Created in perpetuity, the Hudson Family Hospital Chair in Pediatric Medicine at BC Children’s Hospital will help Dr. Eddy and succeeding chiefs of Pediatrics improve patient care, take advantage of opportunities in medical research and education, and meet the ongoing health needs of BC’s children. The first several years of funding will establish and facilitate a mentored career development program known as the Hudson Scholars in Pediatric Medicine. This program will grant two years of funding to the brightest junior physicians at BC Children’s for dedicated time for research while they build capacity in exciting new fields of pediatric medicine. The first Scholars to be funded will be general pediatric subspecialists.
“We have amazing, talented people who are completing their training at BC Children’s,” says Dr. Eddy. “The Hudson family’s gift offers us the ability to retain and build on their energy, ideas, interests and expertise. It also offers the beginning of a long-term career pathway that is focused on quality care.”
Dr. Philipp Lange
Dr. Philipp Lange has always been drawn to understand the guiding principles that make things work, or fail. As a basic scientist and member of the Michael Cuccione Childhood Cancer Research Program at BC Children’s, he is pushing the boundaries of what we know about cancer to find clues that have an impact on diagnostic and medical treatments for children with cancer.
Dr. Lange completed his PhD in Biochemistry in Berlin and joined BC Children’s in July 2015 after completing his post-doctoral work at UBC. He was drawn to the close collaboration between clinicians and researchers at BC Children’s. “With this, there’s an increased chance that findings get translated and have an effect on practice,” he says.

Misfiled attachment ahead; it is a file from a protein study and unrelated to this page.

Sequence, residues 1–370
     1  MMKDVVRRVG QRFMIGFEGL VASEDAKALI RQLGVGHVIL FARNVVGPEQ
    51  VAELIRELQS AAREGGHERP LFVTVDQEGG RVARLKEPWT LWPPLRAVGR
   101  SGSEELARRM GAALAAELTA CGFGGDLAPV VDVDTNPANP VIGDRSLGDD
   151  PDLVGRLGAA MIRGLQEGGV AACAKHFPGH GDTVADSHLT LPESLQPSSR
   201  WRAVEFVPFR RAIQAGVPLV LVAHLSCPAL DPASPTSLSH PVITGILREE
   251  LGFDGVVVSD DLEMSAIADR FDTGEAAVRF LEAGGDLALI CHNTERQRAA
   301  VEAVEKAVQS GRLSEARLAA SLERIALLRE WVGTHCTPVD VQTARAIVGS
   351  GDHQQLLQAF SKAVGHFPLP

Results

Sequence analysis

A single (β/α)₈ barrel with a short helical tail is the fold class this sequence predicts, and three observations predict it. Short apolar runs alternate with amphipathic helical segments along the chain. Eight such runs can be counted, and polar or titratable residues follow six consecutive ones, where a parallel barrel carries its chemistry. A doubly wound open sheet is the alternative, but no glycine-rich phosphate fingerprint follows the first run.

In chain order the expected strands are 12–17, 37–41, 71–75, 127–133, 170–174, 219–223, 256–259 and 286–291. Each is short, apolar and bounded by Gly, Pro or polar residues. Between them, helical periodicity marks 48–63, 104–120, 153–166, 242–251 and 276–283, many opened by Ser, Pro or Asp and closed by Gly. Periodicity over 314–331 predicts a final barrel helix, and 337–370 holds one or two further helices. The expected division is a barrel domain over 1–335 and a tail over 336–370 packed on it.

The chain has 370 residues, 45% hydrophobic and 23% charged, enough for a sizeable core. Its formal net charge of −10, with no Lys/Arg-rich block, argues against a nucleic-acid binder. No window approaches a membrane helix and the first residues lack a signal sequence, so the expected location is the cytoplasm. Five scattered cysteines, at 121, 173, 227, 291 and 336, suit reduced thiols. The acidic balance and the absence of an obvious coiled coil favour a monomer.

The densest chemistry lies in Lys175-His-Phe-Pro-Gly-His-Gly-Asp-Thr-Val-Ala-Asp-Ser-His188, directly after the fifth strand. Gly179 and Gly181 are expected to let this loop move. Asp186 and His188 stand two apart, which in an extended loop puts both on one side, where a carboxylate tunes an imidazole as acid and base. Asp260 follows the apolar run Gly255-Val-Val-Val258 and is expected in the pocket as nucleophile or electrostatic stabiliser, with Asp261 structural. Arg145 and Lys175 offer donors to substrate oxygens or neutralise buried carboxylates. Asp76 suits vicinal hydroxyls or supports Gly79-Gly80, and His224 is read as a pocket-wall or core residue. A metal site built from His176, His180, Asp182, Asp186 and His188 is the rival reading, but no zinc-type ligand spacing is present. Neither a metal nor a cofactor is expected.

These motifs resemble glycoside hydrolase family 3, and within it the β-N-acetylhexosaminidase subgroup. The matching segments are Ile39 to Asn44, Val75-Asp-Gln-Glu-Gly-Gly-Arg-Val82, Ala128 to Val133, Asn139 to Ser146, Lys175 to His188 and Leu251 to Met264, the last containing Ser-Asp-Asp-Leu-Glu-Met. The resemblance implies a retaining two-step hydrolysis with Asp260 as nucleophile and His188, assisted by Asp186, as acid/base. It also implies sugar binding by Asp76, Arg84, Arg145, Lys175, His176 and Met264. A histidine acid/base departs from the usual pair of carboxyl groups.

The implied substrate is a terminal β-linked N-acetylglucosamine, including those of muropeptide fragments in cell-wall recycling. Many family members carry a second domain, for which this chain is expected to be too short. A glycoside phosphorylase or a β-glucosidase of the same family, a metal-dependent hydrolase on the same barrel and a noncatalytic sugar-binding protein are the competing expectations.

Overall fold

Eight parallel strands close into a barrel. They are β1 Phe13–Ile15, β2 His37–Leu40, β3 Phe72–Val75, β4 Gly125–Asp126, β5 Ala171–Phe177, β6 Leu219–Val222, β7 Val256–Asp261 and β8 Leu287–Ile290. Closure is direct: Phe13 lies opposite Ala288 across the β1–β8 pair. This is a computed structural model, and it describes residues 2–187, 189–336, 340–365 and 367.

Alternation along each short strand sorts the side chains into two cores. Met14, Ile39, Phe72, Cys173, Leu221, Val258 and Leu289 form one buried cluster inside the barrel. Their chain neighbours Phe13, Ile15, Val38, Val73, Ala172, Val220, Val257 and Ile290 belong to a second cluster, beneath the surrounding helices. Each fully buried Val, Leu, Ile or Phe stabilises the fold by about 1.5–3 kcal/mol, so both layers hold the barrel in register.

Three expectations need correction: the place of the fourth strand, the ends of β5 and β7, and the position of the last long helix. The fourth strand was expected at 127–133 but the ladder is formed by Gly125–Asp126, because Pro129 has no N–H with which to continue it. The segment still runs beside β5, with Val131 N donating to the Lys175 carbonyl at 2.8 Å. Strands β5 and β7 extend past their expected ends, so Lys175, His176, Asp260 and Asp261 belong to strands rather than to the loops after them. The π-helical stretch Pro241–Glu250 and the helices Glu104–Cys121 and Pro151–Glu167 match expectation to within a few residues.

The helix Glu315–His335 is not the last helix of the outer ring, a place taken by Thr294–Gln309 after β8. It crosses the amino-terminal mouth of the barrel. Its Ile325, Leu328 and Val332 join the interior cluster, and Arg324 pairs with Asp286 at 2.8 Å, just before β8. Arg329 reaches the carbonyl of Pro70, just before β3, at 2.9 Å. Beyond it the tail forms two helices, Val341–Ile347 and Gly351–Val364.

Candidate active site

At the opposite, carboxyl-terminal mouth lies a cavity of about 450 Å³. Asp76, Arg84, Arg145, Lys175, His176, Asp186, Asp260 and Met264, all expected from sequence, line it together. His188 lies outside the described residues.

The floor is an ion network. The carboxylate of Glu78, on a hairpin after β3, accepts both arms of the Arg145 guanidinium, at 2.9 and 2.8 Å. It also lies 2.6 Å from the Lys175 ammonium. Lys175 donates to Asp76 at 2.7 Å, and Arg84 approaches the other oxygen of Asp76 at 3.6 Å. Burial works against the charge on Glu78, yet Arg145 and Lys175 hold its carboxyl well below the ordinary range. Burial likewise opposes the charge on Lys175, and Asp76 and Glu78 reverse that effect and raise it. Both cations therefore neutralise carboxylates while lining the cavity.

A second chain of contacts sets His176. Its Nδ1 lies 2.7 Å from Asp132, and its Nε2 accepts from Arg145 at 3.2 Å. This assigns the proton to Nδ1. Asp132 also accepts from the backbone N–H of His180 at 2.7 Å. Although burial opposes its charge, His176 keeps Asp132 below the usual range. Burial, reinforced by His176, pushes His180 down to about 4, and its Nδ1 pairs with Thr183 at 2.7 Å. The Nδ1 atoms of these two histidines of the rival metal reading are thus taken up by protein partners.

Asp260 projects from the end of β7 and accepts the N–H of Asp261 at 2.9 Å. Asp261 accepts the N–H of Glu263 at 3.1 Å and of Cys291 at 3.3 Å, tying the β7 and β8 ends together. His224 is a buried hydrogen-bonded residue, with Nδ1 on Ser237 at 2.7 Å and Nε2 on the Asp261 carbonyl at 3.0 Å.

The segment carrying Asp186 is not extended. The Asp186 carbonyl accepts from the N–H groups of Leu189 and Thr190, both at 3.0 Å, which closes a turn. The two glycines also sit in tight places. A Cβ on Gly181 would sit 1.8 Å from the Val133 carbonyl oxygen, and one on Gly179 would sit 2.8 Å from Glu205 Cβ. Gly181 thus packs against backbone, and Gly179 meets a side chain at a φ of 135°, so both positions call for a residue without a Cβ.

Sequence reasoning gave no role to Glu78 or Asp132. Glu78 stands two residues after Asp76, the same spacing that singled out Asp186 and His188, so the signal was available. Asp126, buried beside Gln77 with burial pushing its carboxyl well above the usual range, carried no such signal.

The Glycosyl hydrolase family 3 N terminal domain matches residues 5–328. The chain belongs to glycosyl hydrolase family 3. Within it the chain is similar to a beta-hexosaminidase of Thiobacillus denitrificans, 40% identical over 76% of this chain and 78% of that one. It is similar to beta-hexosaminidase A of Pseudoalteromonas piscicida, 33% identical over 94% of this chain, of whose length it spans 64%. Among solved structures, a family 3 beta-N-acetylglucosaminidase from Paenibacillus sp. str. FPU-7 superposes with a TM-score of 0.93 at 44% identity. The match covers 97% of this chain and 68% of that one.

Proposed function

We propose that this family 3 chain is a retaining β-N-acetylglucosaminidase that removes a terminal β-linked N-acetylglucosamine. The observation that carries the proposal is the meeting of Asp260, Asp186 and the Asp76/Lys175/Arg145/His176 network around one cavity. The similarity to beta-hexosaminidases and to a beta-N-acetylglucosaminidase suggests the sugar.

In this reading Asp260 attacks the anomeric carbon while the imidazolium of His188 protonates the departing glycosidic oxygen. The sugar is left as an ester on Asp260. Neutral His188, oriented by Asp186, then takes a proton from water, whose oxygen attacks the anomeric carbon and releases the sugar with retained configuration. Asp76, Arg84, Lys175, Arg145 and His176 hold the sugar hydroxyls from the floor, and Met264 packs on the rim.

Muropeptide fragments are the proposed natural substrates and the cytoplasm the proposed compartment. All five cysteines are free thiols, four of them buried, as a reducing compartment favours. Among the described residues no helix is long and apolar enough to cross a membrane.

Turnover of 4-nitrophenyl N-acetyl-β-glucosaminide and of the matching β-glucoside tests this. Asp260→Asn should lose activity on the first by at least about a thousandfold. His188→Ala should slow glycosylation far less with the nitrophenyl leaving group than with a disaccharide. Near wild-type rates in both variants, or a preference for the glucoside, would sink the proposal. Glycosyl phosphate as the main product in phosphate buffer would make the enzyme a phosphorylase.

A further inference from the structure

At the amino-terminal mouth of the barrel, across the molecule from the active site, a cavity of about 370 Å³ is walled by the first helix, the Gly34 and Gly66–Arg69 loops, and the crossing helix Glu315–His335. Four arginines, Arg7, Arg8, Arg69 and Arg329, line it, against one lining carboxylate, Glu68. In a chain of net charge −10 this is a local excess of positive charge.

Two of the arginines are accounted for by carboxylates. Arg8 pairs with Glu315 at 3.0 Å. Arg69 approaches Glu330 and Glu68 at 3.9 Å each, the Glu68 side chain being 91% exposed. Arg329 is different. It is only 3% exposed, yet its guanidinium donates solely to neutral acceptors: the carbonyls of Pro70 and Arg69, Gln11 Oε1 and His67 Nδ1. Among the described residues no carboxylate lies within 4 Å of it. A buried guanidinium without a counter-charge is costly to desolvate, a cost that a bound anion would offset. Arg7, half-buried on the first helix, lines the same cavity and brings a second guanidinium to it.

Dr. Lange’s expertise lies in using proteomics to study childhood cancer using a cutting-edge technology called “protein mass spectrometry.” A sensitive mass spectrometer allows Dr. Lange to detect the proteins in a cell and observe minute differences between proteins in healthy and cancer cells. Delving into the study of proteins gives researchers a better ability to target specific cancer cells and, hopefully, reduce side effects caused by cancer drugs.
Dr. Lange explains: “Every drug not only affects cancer cells but also other cells and tissues. It leads to potential late effects or secondary disease that will manifest decades after [children] survive their initial cancer. So not only do we have to cure cancer – we really have to be mild on the rest of the system.”
Dr. Lange is focusing on childhood leukemias and neuroblastoma. He plans to branch out to other cancers and share his proteomics expertise and instrumentation with researchers studying other diseases.
In February 2016 he was awarded the prestigious Canada Research Chair, which will fund his position for the next five years. He credits donors for making his work possible. “Without donor funding, I wouldn’t have the high-performance mass spectrometer and instrumentation to do my work,” he says. “I would have to send samples off-site, which is cost-prohibitive and really limits me in the type of research I do and the number of samples I analyze. Donations enabled me to come here and set up my research lab.”
“My hope is to be able to make a change in cancer treatment and reduce late effects to give children a better quality of life,” he adds. “If I could make a dent in there, it would be amazing!”
To say Catherine Ellens is dedicated to her work would be an understatement. The 19-year veteran at Sunny Hill Health Centre for Children has helped hundreds of children and youth improve their mobility and, in turn, their quality of life. As an occupational therapist and leader of the Positioning & Mobility team at Sunny Hill, Catherine outfits children and families with customized walkers, wheelchairs, strollers and other specialized equipment.